Jung- Koch- Quentellwall chart showing grass snake and adder. used as teaching material in German schools. colorful print on paper reinforced with canvas. published by Hagemann, Duesseldorf. you can see the typical black background and colored illustrations.
the measurements shown above refer just to the canvas and do not include the poles. please contact us for further details of the overall measurements of the specific chart. all offered wall charts are in a good original condition. they have been utilised and therefore show age-related traces of usage. some wall charts have been laminated partly with glue stripes. during storage the wall charts are partly fissured, stained and some sometimes smell. the wall chart´s crossbar (either metal or wooden) could be damaged or dented. further visible defects like e.g. water spots, hand-written marking etc. are separately mentioned in the article description (see picture). in case of uncertainty please feel free to contact us.
shipping can be disposed to anywhere in the world. charts with width larger than 120cm (47,24 inches) are dispatched as bulky goods. therefore shipping costs are partly very high. if possible we arrange combined shipping to reduce costs. items are shipped with dhl premium or UPS service. please note that overseas shipping last approximately 2 -4 weeks upon the day of shipment. if you need expedited shipping please contact us.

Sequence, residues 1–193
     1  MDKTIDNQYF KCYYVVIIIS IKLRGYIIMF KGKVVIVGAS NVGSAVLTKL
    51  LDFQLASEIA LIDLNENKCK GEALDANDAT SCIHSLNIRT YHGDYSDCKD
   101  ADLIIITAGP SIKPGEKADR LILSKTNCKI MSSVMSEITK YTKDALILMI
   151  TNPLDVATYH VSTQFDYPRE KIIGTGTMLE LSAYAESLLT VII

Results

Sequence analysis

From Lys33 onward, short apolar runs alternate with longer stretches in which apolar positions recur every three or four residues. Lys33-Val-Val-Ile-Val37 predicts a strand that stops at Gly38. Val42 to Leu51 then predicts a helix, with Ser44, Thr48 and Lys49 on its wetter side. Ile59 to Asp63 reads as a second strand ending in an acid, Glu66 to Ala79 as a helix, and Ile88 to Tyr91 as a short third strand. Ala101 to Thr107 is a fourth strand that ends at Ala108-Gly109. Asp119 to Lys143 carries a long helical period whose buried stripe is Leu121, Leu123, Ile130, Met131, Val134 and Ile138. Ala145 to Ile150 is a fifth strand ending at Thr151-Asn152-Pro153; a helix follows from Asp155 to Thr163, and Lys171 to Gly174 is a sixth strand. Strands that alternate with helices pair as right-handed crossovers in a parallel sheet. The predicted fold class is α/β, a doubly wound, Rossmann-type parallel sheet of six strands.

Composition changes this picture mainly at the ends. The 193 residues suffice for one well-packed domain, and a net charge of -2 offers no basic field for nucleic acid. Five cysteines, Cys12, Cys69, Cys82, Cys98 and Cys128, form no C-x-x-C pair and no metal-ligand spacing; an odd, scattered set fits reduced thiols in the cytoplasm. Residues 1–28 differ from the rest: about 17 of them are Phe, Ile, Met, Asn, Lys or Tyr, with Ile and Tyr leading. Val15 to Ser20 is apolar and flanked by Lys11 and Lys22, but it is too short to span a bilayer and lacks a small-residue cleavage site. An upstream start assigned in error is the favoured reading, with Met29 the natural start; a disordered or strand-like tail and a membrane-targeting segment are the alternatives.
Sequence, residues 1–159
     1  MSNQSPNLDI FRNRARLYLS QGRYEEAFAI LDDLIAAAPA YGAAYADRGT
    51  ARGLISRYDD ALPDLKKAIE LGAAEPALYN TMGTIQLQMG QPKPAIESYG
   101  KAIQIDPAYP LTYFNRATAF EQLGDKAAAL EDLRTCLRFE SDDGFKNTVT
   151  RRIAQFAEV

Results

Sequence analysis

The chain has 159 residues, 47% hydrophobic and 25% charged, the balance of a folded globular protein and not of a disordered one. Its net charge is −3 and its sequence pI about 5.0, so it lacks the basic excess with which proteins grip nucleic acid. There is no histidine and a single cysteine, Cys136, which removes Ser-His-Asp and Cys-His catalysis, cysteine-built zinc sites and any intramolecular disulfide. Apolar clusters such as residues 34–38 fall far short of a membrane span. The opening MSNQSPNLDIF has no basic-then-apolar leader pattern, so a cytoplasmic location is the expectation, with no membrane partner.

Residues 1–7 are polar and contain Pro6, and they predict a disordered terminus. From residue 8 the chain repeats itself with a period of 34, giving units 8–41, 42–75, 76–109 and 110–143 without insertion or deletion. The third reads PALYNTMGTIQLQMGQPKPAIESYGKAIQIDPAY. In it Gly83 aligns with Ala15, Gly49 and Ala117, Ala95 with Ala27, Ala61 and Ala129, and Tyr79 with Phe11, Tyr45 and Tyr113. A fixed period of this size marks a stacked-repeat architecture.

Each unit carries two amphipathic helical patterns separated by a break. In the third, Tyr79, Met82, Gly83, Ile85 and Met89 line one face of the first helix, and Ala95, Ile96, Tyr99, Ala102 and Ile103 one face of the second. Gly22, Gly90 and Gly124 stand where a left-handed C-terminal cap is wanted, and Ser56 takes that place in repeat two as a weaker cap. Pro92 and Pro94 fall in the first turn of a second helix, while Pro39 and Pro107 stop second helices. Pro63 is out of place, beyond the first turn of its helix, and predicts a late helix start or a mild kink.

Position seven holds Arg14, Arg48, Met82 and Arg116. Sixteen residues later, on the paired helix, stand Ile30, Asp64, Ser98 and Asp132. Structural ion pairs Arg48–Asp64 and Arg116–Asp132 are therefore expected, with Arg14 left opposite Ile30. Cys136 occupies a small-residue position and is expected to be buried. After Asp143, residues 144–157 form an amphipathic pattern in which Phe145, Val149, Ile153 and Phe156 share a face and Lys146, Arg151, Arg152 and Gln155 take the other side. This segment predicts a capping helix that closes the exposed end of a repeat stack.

wall charts history
the idea to upgrade every day school life by using pictures was supported in the late 18th century by Johann Bernhard Basedow. In 1774 he published a four-volumned book "Elementarwerk" which combined pictures, text and information with merely hundred copperplates. Modern printing methods enabled the spread from rich private schools to rural grade schools. From 1820 to 1836 the oldest mentioned series of wall charts were published with the range of six booklets including 63 large sized charts. The rising 20th century was the golden age for publishers printing wall charts. Artists masterly performed pictures which combined the subject-specific standards of a scientist with the standards given by an educator and finally created a magnificat art work.